Community to discuss innovative approaches to dealing with aging
The Central New York health services, human services and higher education communities will gather to examine new ways to help the growing numbers of people entering their senior years Thursday, Oct. 11.
SUNY Oswego alumnus Dr. Joseph Coughlin, director of the AgeLab at the Massachusetts Institute of Technology, will be the featured speaker at a symposium examining the challenges of aging and innovative approaches to easing the process.
“Innovative Aging: Can Technology Help Us Live Longer?” will begin at noon at the City Hall Commons, 233 E. Washington St. in Syracuse. [NOTE: Updated location for symposium] Chuckie Holstein, executive director of FOCUS Greater Syracuse, will moderate the symposium, which will include four Central New York professionals responding to Coughlin’s remarks.
The symposium is free and open to the public. To register, visit oswego.edu/innovativeaging. Verizon, the Onondaga County Department of Aging and Youth, and WRVO are partners in presenting the program.
Experts in innovation
Coughlin, a 1982 graduate of SUNY Oswego, is internationally known for his work in gerontology, innovation and public policy. He formed MIT’s AgeLab in 2000, engaging companies around the world to embrace technology and innovations to serve the needs of an aging population.
At MIT he is a senior lecturer for the School of Engineering’s Engineering Systems Division and MIT’s department of urban studies and planning, where he teaches policy and systems innovation. He holds a doctorate from Boston University.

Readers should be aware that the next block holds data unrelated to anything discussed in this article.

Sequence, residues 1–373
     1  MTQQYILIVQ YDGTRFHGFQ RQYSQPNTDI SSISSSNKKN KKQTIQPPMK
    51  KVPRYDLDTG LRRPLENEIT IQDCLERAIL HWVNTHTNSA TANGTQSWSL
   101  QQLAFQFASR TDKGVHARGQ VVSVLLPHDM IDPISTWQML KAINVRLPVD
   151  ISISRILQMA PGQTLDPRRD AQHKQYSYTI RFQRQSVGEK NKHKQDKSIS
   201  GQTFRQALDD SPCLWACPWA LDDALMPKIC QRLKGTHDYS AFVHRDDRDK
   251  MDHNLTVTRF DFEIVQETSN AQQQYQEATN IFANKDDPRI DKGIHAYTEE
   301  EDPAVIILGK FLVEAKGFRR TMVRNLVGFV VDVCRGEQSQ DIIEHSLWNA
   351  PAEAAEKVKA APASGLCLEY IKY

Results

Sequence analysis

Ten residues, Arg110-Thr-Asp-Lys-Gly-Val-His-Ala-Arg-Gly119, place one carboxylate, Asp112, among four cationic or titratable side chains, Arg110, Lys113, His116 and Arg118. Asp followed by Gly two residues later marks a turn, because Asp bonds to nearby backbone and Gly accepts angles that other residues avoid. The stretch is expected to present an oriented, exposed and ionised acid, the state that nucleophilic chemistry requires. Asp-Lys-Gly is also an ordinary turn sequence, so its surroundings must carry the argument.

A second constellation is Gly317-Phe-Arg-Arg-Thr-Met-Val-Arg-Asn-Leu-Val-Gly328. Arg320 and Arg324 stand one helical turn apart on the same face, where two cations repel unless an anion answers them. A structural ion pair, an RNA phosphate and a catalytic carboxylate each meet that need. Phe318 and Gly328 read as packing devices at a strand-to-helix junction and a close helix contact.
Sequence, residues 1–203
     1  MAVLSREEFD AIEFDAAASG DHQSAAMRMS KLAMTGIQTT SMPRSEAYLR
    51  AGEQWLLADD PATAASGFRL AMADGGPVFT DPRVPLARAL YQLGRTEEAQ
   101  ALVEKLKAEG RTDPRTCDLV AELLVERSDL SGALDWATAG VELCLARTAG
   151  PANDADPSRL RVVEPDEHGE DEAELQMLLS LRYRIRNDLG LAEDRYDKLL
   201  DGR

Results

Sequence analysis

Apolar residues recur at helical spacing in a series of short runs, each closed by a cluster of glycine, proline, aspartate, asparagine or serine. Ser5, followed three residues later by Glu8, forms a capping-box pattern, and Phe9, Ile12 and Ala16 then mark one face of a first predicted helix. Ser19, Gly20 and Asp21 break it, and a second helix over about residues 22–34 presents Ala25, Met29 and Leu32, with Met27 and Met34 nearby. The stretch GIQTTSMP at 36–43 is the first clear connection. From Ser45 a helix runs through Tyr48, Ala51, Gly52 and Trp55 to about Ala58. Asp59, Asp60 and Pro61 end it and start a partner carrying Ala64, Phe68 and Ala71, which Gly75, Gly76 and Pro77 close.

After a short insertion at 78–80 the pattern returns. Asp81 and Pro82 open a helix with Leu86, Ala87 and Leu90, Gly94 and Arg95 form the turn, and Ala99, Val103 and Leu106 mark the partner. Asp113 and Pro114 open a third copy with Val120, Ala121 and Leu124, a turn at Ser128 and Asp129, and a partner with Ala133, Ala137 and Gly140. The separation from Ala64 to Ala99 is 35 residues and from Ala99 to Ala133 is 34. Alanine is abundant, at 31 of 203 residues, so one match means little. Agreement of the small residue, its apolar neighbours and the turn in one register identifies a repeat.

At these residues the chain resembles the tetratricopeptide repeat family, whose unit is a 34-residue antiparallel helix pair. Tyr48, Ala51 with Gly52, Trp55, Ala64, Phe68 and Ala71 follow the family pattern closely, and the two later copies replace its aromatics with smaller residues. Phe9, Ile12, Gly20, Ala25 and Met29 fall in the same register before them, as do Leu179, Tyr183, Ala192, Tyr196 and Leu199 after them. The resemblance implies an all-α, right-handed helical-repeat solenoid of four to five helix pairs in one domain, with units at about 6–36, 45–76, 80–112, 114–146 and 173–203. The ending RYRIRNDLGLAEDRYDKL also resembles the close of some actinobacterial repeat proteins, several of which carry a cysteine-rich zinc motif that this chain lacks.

Four local experts will respond to Coughlin’s presentation. They are Dr. Lorrie Clemo, provost and vice president for academic affairs at SUNY Oswego; Dr. Julie Shimer, former chief executive officer and president of Welch Allyn, a Skaneateles-based manufacturer of medical equipment; JoAnne Spoto Decker, Onondaga County Director of Community Service Programs; and Judith Huober, director of the Institute at Menorah Park for Applied Research on Aging.
One example of the way Central New York institutions are mobilizing to improve health services for the community, including its aging population, are new academic programs at SUNY Oswego and its Metro Center. They include graduate certificate programs in gerontology, play therapy, health information technology and integrated health systems.
For more information, call the SUNY Oswego Metro Center at 399-4100.
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(Posted: Sep 26, 2012)